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Are foreigners banned from publishing on the Internet in China? An examination of what exactly China’s new online publishing rules are ruling out

0312242China’s media and publishing regulator, the State Administration of Press, Publication, Radio, Film and Television (“SAPPRFT“), and its telecoms and Internet regulator, the Ministry of Industry and Information Technology (“MIIT“), have jointly issued new rules governing online publications in the People’s Republic of China (“China” or the “PRC“): the Online Publication Services Administrative Provisions (网络出版服务管理规定) (the “Online Publication Provisions“).  The Online Publication Provisions were issued on 4 February 2016 and came into effect from 10 March 2016.

Foreign Investor Concerns

The Online Publication Provisions have raised a number of concerns among foreign investors in China, largely due to the expansive scope of what SAPPRFT and MIIT have defined as constituting “online publishing services”, coupled with a complete ban on foreign invested enterprises  such as Sino-foreign joint ventures (“JVs“) and wholly foreign-owned enterprises (“WFOEs“) (collectively “FIEs“) from engaging in such activities. Not only are FIEs not allowed to directly participate in online publishing activities, but also all “cooperation projects in relation to online publishing business” (not further defined) between overseas entities, individuals and/or FIEs on the one hand and (domestic capital licensed) online publishers on the other are subject to prior approval by SAPPRFT. This may be an issue for cross-border content licensing transactions, particularly as the approval requirement is somewhat counter-intuitive to foreign investors even if you are familiar with the current direction in which China is heading in this area.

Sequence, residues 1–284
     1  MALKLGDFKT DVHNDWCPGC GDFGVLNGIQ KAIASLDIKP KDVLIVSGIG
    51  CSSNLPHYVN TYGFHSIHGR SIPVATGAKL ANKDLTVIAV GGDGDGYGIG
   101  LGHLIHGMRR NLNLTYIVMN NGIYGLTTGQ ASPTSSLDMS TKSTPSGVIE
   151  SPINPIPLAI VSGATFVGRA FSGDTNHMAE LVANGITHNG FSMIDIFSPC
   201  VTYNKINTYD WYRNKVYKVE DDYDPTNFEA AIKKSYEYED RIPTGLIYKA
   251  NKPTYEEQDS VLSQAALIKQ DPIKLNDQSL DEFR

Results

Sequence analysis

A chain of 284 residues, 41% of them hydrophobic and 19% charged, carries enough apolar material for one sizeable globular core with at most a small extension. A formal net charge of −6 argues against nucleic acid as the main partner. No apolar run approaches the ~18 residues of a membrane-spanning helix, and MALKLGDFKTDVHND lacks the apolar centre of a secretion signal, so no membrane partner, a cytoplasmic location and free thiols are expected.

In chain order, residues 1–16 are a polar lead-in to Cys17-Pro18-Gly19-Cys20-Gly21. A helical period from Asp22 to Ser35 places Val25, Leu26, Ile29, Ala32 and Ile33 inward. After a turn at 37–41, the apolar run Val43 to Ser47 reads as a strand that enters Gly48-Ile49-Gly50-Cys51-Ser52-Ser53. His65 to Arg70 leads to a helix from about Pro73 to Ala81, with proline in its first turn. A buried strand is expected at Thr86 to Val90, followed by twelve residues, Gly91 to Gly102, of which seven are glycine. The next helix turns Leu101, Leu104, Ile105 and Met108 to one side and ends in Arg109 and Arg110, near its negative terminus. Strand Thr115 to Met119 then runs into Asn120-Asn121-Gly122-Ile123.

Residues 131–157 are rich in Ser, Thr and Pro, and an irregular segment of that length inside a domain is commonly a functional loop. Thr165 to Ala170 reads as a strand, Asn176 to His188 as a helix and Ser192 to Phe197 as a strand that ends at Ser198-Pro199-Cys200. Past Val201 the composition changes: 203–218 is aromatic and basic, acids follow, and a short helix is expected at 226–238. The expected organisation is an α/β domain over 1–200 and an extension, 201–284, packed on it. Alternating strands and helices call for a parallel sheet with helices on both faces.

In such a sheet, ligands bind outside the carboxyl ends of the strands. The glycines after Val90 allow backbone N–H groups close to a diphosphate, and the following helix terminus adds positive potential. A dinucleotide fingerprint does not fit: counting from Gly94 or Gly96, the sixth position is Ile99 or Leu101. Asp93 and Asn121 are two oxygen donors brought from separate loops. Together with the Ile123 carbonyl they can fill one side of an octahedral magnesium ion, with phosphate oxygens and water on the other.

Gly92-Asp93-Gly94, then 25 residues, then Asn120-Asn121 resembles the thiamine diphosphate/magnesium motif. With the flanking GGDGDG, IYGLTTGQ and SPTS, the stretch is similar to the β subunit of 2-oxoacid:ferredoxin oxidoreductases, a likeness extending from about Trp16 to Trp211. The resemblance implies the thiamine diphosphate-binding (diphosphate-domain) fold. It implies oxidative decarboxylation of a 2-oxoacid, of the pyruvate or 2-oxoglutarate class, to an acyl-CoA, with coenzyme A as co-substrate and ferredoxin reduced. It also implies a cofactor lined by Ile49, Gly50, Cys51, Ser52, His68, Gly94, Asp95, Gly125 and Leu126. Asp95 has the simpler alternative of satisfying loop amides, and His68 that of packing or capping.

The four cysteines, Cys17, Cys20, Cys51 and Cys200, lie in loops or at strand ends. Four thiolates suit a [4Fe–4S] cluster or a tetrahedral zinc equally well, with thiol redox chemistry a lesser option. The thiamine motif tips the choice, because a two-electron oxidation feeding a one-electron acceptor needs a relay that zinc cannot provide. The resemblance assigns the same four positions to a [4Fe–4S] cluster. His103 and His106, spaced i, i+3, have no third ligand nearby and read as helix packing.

If foreign providers of content or FIEs which provide significant online content were in any doubt that they were not exactly being shown the red carpet by China’s regulators, the Online Publication Provisions make things abundantly clear that China is seeking to tighten up the rules on who can publish online.  The text hints at the issue that China sees new forms of online publication platforms as a target for stricter regulation, whereas existing conventional publishing platforms get a slightly lighter touch from the regulators.  It is important, however, to see the Online Publication Provisions in their historical content: as will be analysed below, restricting foreign investment in this area is by no means a new phenomenon.

The Online Publication Provisions also remind foreign and domestic investors alike that the license required for online publishing, the “Online Publishing Permit”, is consistent with the rules on other Chinese permits, non-assignable and may not be loaned, leased out, sold or transferred.  Similarly, it is prohibited for a licensed online publishing entity to allow any other entity, even another online information service provider, to publish in its name.

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